Photo by Richard Hume
For immediate release:
January 10, 2011
Media contact: Cass Cliatt, (609) 258-6108, firstname.lastname@example.org
University to celebrate King's legacy
Princeton University will commemorate the legacy of Martin Luther King Jr. with its annual King Day celebration Monday, Jan. 17, in Richardson Auditorium of Alexander Hall. Doors open at 1 p.m. The keynote address will be delivered by Van Jones, an environmental activist, social entrepreneur and former White House adviser who is a visiting fellow at Princeton.
The event, which is free and open to the public, will begin at 1:15 p.m. with musical selections from One Voice-Trenton Children's Chorus and Westminster Conservatory Cantus and from soloist Rochelle Ellis.
The ceremony will include the presentation of awards to student winners in grades 4 through 12 from area schools who entered an annual Martin Luther King Day-themed contest in literary arts, visual arts and video categories. This year's contests focus on the environmental impact of Hurricane Katrina or the BP Deepwater Horizon oil spill in the Gulf Coast region. While considering these environmental issues and King's vision for equality, as well as his concern for the poor and oppressed, students were asked to use a journalistic format to raise awareness, to encourage civic engagement, or to highlight issues about a related social, financial or political topic.
During the program the University also will present the MLK Day Journey Award, which recognizes a member of the Princeton faculty, staff or student body who best represents King's continued journey.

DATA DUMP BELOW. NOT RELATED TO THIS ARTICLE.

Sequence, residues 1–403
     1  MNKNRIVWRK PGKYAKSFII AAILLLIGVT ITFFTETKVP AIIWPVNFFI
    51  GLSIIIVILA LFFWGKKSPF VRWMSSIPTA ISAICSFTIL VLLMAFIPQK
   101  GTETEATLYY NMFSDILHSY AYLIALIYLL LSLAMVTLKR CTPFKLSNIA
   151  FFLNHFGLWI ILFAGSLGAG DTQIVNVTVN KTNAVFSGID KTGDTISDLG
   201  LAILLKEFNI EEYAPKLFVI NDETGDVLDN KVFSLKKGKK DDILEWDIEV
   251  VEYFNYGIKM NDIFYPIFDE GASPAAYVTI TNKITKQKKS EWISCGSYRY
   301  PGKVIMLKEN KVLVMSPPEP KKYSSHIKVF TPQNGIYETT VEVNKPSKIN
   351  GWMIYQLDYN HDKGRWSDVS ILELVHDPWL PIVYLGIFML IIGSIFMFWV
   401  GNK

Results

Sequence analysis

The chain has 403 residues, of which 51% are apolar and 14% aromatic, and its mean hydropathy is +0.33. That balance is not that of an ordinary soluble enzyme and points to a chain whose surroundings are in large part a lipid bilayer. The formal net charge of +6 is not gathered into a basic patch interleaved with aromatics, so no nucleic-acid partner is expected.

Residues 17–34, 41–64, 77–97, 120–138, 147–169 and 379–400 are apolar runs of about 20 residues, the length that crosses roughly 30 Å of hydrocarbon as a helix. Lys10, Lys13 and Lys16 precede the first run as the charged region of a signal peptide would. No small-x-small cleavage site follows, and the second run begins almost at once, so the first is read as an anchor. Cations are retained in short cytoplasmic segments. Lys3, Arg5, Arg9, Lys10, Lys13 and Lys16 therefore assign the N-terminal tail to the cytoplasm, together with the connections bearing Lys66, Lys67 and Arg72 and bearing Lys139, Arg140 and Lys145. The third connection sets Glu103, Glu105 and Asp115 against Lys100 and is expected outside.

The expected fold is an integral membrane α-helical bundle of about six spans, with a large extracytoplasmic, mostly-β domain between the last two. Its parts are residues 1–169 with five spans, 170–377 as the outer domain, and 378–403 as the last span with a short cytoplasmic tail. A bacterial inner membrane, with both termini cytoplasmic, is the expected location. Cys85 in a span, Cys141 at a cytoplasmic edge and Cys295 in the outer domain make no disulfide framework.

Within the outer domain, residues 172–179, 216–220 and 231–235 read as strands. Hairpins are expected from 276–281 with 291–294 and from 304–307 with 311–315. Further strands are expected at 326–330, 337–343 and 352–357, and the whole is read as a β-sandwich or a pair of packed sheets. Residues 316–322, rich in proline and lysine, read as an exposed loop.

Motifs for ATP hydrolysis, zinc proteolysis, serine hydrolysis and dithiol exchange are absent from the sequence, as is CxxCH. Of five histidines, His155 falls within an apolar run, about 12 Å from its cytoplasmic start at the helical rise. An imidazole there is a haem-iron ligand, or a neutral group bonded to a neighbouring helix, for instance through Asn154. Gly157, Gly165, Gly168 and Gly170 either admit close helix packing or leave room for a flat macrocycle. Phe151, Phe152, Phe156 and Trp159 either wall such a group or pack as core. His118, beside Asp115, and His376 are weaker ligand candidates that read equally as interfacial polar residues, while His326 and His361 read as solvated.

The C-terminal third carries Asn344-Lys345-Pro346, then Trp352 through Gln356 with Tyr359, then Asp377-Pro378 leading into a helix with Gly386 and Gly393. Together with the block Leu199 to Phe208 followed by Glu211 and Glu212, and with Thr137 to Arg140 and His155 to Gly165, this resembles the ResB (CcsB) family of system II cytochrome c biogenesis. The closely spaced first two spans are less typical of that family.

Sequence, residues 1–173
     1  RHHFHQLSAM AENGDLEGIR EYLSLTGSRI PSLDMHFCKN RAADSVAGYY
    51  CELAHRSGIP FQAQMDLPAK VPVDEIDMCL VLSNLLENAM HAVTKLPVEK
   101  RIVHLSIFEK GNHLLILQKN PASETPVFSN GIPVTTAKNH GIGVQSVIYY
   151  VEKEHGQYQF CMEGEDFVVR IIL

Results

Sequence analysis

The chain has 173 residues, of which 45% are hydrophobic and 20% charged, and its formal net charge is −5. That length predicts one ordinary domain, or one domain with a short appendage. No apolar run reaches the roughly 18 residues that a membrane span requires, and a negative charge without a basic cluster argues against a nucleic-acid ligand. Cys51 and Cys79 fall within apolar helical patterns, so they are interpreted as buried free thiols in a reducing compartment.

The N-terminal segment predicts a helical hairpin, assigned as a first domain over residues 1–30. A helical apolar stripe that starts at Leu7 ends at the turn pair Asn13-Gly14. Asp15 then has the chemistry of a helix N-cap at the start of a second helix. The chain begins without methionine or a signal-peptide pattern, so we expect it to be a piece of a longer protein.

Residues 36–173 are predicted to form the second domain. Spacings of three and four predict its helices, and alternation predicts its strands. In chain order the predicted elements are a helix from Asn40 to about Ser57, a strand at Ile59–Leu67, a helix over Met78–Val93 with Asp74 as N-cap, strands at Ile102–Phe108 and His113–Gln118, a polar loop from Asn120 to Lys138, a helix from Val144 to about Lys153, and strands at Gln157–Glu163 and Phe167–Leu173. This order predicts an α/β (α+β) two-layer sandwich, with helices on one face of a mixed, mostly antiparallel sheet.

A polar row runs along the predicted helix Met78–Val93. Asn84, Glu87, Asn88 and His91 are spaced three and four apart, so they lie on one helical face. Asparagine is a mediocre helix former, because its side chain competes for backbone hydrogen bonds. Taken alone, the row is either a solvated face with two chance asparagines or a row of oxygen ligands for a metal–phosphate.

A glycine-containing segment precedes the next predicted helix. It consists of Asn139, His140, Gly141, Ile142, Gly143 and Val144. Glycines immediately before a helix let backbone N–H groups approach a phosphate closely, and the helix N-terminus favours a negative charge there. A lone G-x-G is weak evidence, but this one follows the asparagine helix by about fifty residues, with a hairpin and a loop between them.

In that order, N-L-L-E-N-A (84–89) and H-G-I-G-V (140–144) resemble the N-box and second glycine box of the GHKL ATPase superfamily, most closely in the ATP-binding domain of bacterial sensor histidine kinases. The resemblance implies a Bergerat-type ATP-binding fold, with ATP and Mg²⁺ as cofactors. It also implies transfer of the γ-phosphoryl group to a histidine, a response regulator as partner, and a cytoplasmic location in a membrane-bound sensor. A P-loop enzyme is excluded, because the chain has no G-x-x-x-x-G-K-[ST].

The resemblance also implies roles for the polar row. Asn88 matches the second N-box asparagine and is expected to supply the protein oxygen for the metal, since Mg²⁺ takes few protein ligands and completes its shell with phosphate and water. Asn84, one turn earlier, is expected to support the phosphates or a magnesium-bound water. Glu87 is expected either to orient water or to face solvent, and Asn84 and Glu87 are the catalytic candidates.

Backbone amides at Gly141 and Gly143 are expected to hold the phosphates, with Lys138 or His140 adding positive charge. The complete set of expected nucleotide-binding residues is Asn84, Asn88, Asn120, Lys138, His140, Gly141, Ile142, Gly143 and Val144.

Jones, the keynote speaker, holds a joint appointment at Princeton as a distinguished visiting fellow in the Center for African American Studies and as a visiting lecturer in the Program in Science, Technology and Environmental Policy at the Woodrow Wilson School of Public and International Affairs. He will teach a course this spring focusing on environmental politics, with a special emphasis on policies that create "green" economic opportunity for the disadvantaged.
Jones was a primary advocate for the Green Jobs Act, which President George W. Bush signed into law in 2007. He served from March to September 2009 as the Obama administration's special adviser for green jobs, enterprise and innovation at the White House Council on Environmental Quality, helping to shape the Obama administration's policy approach to making America's homes more energy efficient.
Jones is the author of "The Green Collar Economy: How One Solution Can Fix Our Two Biggest Problems," which explores the social, economic and political implications of the creation of green jobs. He co-founded three nonprofit organizations: the Ella Baker Center for Human Rights, Color of Change and Green For All. He currently is a senior fellow at the Washington, D.C.-based Center for American Progress and a senior policy adviser at Green For All.
The King Day event will be webcast live. It is convened and coordinated by the institutional equity and diversity team in the offices of the provost and human resources.